07:25, November 08 55 0 theguardian.com

2017-11-08 07:25:03
Rolls-Royce trio plead guilty to corruption charges in US

Three former employees of British engineering firm Rolls-Royce have pleaded guilty in America to bribery and corruption offences, the Serious Fraud Office and US Justice Department said.

James Finley, Keith Barnett and Louis Zuurhout, who worked in the company’s energy division, entered the plea following parallel investigations by US and UK authorities into whether bribes were paid to secure overseas contracts over a 14-year period between 1999 and 2013.

They are accused of being involved in schemes whereby foreign government officials received bribes in exchange for deals that benefited a Rolls-Royce subsidiary in the US, including a contract to supply equipment and services to power a gas pipeline from central Asia to China.

A further individual, Andreas Kohler, who worked for an international engineering consulting firm instructed by Rolls-Royce’s former customer in Kazakhstan, also entered a guilty plea. Another individual, Petros Contoguris, who worked as an intermediary for Rolls-Royce has been charged by FBI.

“Today’s indictment and guilty pleas reveal that those associated with this corruption did knowingly conspire to break the law for their own personal gain,” said Stephen Richardson, assistant director of the FBI’s criminal investigative division.

“No one is above the law, so let today’s announcement be a warning to those who may try to perpetrate a similar scheme that the FBI will aggressively pursue those who attempt to bribe foreign officials for an unfair advantage in the global marketplace,” he added.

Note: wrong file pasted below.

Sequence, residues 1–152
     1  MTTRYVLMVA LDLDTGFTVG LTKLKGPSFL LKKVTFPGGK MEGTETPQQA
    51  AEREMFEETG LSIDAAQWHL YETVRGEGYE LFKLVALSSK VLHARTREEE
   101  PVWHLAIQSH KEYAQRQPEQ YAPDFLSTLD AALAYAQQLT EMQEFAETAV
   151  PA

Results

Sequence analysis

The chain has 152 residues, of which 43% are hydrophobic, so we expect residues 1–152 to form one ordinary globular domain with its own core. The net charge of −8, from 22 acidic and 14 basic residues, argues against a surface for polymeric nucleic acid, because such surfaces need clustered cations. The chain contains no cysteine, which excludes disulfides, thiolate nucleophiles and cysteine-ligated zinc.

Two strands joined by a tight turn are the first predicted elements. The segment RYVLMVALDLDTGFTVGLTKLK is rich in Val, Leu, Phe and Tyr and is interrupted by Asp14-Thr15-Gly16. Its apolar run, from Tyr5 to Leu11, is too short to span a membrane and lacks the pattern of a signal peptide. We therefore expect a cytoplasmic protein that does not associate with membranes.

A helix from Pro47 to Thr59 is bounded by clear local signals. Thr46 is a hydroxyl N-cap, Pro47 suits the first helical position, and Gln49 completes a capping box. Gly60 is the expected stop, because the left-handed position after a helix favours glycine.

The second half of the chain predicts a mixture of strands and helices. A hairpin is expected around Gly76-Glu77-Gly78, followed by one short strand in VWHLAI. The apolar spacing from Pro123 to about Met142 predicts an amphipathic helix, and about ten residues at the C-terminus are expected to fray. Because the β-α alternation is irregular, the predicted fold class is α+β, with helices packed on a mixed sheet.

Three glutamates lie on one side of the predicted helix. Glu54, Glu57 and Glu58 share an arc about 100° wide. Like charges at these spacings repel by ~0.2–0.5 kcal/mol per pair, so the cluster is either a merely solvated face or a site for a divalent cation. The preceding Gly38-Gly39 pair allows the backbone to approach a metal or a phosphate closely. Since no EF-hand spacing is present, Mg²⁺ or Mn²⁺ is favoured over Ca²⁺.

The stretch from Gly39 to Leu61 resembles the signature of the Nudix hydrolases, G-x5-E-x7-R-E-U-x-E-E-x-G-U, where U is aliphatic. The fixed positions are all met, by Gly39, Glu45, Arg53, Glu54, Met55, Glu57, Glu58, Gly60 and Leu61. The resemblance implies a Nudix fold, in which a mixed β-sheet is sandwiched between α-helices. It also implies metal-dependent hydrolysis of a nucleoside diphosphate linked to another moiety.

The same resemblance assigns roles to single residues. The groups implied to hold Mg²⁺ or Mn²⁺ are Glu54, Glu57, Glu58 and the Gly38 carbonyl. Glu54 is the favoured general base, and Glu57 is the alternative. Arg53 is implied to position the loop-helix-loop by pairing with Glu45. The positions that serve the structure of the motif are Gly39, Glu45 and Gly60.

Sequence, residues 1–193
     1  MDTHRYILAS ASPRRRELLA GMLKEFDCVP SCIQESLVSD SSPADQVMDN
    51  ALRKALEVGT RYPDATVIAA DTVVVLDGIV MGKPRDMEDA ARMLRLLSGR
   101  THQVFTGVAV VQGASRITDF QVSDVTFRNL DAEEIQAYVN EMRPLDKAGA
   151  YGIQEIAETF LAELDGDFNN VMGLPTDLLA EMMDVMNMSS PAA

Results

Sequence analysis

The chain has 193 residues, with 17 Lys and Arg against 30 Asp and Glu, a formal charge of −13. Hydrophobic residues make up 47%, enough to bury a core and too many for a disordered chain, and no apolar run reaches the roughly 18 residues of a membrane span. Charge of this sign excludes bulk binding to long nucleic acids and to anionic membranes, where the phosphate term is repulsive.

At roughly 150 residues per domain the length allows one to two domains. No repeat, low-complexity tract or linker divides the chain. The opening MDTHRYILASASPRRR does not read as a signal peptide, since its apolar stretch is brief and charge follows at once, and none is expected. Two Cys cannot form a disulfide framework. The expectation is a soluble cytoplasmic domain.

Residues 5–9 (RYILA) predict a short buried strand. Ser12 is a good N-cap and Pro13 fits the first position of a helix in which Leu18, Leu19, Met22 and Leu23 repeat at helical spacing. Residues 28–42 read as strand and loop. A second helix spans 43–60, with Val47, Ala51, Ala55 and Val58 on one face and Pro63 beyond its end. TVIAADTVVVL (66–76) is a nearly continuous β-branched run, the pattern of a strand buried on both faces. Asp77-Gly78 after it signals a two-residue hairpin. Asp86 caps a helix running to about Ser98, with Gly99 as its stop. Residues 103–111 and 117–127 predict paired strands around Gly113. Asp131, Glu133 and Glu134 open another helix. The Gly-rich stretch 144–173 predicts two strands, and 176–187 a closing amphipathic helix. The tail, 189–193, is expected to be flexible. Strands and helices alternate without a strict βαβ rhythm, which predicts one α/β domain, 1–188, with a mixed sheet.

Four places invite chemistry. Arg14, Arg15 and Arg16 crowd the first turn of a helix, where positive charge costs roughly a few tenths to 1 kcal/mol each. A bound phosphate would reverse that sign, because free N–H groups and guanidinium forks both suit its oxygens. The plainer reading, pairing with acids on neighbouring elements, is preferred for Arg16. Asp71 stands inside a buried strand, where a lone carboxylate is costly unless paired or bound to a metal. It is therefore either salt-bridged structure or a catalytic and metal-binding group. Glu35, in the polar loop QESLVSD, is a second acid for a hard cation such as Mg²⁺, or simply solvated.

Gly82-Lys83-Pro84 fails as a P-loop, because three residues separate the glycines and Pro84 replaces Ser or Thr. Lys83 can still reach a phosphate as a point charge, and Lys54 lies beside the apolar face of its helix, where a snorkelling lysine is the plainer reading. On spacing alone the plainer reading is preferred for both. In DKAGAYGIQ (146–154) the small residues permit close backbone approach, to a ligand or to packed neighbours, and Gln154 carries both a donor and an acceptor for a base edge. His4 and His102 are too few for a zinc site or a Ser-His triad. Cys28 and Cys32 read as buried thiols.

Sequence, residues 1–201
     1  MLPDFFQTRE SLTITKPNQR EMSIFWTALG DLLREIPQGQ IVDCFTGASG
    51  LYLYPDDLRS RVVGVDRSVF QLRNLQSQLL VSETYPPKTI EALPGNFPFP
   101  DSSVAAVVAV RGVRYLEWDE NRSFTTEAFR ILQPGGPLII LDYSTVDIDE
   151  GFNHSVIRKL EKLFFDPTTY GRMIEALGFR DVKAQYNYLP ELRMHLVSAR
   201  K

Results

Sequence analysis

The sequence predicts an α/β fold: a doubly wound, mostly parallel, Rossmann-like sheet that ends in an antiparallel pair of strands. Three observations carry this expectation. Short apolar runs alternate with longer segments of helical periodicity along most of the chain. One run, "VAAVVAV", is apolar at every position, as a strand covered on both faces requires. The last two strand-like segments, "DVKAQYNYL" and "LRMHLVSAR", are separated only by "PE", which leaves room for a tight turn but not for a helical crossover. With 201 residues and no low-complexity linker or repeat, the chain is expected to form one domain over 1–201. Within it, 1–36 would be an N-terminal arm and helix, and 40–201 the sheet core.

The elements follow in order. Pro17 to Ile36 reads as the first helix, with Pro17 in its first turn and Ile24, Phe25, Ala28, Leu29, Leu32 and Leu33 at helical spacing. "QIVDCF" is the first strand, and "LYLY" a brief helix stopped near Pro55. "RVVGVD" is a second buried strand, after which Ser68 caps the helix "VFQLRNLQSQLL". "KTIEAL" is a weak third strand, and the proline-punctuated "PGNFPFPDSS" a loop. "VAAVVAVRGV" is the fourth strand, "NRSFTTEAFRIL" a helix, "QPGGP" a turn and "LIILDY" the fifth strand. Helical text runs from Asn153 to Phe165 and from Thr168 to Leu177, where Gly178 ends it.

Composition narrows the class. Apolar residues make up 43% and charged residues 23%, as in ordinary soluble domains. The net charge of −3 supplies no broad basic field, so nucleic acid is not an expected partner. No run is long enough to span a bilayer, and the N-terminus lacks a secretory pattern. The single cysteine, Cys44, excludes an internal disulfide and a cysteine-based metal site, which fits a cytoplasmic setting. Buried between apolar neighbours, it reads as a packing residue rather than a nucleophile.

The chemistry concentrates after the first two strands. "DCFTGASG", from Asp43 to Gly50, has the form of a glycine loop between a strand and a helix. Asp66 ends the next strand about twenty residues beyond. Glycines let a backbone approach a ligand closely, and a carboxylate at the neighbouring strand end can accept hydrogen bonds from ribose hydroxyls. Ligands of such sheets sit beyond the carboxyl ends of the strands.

A spokesperson for the company said: “Rolls-Royce has committed to full ongoing co-operation with the Department of Justice and cannot comment on action against individuals.” Rolls sold its energy business in 2014.

In January this year, Rolls-Royce agreed to pay £671m in penalties after long-running investigations into claims it paid bribes to get export contracts. The settlement meant the FTSE 100 company would avoid prosecution by anti-corruption investigators in the UK, US and Brazil, but it did not exempt individuals.

The US Justice Department said its prosecutors and FBI agents had worked closely with their counterparts in Brazil and with the SFO. Kenneth Blanco, acting assistant attorney general of the US Justice Department’s criminal division, said the defendants would face justice, “which represents another important step towards levelling the playing field for all ethical and honest businesses.”

The SFO said its investigation into conduct of individuals in Rolls-Royce civil, defence, marine and former energy divisions continues, in parallel with a US Department of Justice investigation.